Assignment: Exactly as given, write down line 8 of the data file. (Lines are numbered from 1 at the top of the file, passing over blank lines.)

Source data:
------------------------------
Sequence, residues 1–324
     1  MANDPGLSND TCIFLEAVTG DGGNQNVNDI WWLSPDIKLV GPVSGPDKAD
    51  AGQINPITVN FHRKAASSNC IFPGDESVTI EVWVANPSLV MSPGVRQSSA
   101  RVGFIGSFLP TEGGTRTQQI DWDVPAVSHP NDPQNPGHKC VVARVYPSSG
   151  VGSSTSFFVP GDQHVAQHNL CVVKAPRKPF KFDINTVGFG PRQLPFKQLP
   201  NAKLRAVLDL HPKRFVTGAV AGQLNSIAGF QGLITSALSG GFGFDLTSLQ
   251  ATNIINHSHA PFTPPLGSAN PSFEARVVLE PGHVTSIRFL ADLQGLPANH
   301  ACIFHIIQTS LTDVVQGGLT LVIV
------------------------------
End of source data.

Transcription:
   301  ACIFHIIQTS LTDVVQGGLT LVIV